London: Astronomers have successfully peered through the “amniotic sac” of a star that is still forming to observe the innermost region of a burgeoning solar system for the first time.
No one so far has been able to probe this close to a star that is still forming and which also has at least one planet so close in.
“We have been able to detect for the first time emission from the innermost part of the disk of gas that surrounds the central star. Unexpectedly, this emission is similar to that of 'barren' young stars that do not show any signs of active planet formation,” explained lead researcher Dr Ignacio Mendigutia from University of Leeds.
To observe this distant star called “HD 100546”, the astronomers used the Very Large Telescope Interferometer (VLTI) which is based in an observatory in Chile.
HD 100546 is a young star, surrounded by a disk-shaped structure of gas and dust called a “proto-planetary disk”, in which planets can form.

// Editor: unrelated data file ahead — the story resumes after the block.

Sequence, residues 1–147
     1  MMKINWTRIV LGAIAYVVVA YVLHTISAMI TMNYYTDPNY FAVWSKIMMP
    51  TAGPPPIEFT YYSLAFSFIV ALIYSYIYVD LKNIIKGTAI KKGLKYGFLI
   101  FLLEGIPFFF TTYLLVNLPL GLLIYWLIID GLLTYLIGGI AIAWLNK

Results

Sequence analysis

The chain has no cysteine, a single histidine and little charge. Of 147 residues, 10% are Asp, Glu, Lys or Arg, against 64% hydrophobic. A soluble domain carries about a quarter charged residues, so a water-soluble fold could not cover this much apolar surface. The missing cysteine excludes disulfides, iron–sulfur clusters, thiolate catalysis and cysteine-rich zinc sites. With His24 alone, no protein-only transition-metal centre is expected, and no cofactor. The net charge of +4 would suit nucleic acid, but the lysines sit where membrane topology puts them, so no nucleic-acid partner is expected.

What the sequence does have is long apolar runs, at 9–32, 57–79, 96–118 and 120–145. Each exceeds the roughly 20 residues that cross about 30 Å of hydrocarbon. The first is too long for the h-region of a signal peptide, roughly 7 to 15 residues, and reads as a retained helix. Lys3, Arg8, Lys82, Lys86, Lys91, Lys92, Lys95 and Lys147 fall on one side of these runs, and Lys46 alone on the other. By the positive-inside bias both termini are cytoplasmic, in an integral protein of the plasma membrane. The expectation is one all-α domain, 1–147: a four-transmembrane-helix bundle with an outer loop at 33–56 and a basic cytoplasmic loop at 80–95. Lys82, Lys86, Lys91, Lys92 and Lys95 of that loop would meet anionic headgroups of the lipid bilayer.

“If the star were placed at the centre of our solar system, the outer part of the disk would extend up to around 10 times the orbit of Pluto,” Mendigutia noted.
Systems such as HD 100546 which are known to have both a planet and a gap in the “proto-planetary disk” are extremely rare.
“More interestingly, the disk exhibits a gap that is devoid of material. This gap is very large, about 10 times the size of the space that separates the Sun from the Earth,” Dr Mendigutia pointed out.
The inner disk of gas could only survive for a few years before being trapped by the central star, so it must be continuously replenished somehow.
“We suggest that the gravitational influence of the still-forming planet - or possibly planets - in the gap could be boosting a transfer of material from the gas-rich outer part of the disk to the inner regions,” the authors noted.
“With our observations of the inner disk of gas in the HD 100546 system, we are beginning to understand the earliest life of planet-hosting stars on a scale that is comparable to our Solar System," they concluded..
The research paper was published in the journal Monthly Notices of the Royal Astronomical Society.